While these are meant for driver safety, between the comfortable ride quality and interior, driver information center, and driver assists, it’s easy to see how an occupant is almost discouraged from doing much driving at all (great for coming home from the bar as well, with taco bell in one hand and a podcast playing…so I hear). The HS 250h is clearly for someone who wants Lexus level comfort but has no call for much driving performance; with plenty to keep them entertained while getting from A to B, and reducing their fuel budget at a minimum. With an estimated combined MPG of 35, the HS 250h will probably only need refueling every other week with daily use. Money that isn’t spent on fuel will go to towards the dealership, as the MSRP starts at $37,000. This review car, laden with all options totals at $44,967, including the $875 delivery fee.  Seems to be a hefty bottom line, but keep in mind an owner will be making 1k back a year from not going to the pump.

-Alex K-


Tesla NYC & Roadster Sport


Amongst the Chelsea art galleries in NYC, you’ll find Tesla Motors’ latest showroom and New York presence. You may be thinking that a car dealership would be a garish addition to such a charming district, but you needn’t worry. Tesla, mindful of the fact that building structures willy-nilly is slightly antithetical to their whole environmentally-responsible nature, has integrated itself comfortably within the neighborhood.

The facility itself is nothing wild, just a simple space with a couple of floor models, places to sit, have coffee, and pick options for your soon-to-be ride. When asked if they plan to make good on the statement at the Model S reveal that the dealership would facilitate a functioning art gallery, a representative stated that they will indeed do so, but slowly progress into it. Oh, and expect the works to have an automotive slant. The rep I spoke to also conveyed a desire to have projectors broadcasting images from other Tesla facilities, so say the California location has an event, they can share the festivities across the globe. Also significant is that this location broadens Tesla’s service network on the east coast, having a place to bring your Roaster in to for any issues, and making more service techs available for house calls.


Also available was the opportunity to grab a first drive in the Roaster Sport, the 2010 Roadster with upgraded specs for your electric-sliding pleasure ( I went there).  Differences in this model are several little tweaks that make for a substantial improvement overall. Ergonomics in the 2010 models in general have been altered, such as moving the touch screen from the far left, near the driver side door, to the center, beneath the radio console. Gone is the vestigial gear-shift which has been replaced with push-button inputs that light up to inform you what “gear” the car is in. A removable hard-top is now available apart from the standard soft-top. The interior is imbued with stitching to match one of the varieties of color options available for the Roadster. Bluetooth connection is now available, and new sound dampers are in test that will make it usable with reducing the cabin noise.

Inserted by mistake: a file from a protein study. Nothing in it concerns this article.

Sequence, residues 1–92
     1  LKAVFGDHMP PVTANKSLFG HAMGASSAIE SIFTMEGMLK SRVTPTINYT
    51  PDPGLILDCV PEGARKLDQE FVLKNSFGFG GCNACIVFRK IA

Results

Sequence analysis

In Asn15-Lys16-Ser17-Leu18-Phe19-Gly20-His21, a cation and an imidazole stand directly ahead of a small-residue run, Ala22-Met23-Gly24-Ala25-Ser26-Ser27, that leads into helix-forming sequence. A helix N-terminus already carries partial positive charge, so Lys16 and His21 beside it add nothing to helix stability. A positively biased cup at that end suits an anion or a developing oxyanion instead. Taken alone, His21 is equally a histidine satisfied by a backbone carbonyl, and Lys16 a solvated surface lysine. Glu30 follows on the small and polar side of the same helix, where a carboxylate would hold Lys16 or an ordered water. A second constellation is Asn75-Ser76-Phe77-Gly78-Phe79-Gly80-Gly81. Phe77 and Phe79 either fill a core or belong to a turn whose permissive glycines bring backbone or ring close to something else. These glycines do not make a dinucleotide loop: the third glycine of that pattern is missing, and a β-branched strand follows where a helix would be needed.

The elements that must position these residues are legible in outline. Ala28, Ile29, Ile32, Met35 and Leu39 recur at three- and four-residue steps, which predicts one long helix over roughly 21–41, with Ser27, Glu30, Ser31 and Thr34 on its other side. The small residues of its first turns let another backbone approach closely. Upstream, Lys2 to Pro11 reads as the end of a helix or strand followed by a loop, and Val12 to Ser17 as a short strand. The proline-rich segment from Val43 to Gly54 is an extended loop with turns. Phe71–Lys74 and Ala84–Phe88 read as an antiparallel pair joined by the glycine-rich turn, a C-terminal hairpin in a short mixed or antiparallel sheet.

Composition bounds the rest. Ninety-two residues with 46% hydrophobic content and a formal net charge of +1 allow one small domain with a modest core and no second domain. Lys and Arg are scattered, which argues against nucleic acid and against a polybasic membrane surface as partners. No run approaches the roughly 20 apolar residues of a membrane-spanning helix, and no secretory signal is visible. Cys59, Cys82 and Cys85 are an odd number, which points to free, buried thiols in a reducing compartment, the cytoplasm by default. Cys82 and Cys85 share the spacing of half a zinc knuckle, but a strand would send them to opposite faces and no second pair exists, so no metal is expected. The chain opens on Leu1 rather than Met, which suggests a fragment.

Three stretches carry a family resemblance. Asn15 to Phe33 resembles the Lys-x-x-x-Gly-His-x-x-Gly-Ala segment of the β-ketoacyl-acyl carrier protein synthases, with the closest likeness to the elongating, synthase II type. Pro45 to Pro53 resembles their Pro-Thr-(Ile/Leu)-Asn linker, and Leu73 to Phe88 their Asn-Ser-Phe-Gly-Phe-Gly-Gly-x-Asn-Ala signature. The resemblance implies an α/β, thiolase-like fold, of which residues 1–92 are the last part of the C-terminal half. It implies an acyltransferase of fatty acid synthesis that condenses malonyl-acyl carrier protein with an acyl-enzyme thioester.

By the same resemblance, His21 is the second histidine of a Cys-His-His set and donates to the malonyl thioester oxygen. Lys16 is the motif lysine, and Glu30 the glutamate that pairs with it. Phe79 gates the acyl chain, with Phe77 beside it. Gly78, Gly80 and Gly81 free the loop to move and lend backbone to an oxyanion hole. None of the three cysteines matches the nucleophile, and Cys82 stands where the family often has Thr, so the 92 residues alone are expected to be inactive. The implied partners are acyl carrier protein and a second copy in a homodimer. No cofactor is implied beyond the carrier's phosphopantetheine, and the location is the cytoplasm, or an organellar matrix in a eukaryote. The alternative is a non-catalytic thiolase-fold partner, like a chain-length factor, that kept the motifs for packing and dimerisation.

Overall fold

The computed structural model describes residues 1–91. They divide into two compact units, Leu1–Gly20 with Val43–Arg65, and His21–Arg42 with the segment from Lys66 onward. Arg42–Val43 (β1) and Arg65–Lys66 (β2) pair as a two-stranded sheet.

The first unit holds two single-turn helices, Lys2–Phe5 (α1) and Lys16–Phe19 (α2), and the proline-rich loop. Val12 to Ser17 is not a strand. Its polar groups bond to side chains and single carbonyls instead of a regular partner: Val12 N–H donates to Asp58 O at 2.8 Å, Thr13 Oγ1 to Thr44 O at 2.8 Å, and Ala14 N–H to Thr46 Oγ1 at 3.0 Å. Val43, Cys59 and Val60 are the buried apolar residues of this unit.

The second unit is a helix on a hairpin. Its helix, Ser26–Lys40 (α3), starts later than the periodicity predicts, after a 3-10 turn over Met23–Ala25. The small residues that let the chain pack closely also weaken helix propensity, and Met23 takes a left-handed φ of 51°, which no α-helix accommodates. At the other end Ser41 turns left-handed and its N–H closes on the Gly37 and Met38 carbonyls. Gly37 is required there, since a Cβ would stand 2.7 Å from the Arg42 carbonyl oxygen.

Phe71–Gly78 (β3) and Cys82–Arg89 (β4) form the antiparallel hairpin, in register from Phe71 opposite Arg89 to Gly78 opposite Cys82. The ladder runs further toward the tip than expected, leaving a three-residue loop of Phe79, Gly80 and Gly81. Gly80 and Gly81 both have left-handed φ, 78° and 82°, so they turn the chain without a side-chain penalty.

Among the many new options, the Roadster Sport features a customizable suspension (mechanically, not on the fly) and an upgraded motor, upping the Roadster’s 0-60 speed from 3.9 to 3.7. not a drastic change, but improvement nonetheless. That’s also frighteningly close to Ferrari F430 territory, by the way, and that’s with perfect gear shifts. There’s also optional carbon fiber accents that do wonders to make the already sporty Roadster look more menacing. Yes, a menacing EV car. you heard it here first. The lack of power steering is still apparent, and the tiny steering wheel doesn’t help matters, but this is all minutia when you’re punching it down Manhattan roadways in a blur, stopping only for lights and inquisitive motorists. While it may be hard to notice the slight improvement in motor output, with the many colors, options and upgrades to the Roadster, it’s hard to ignore the fact that Tesla’s flagship model is shaping up to be a definite winner.

-Alex K-

Check out this review and many others at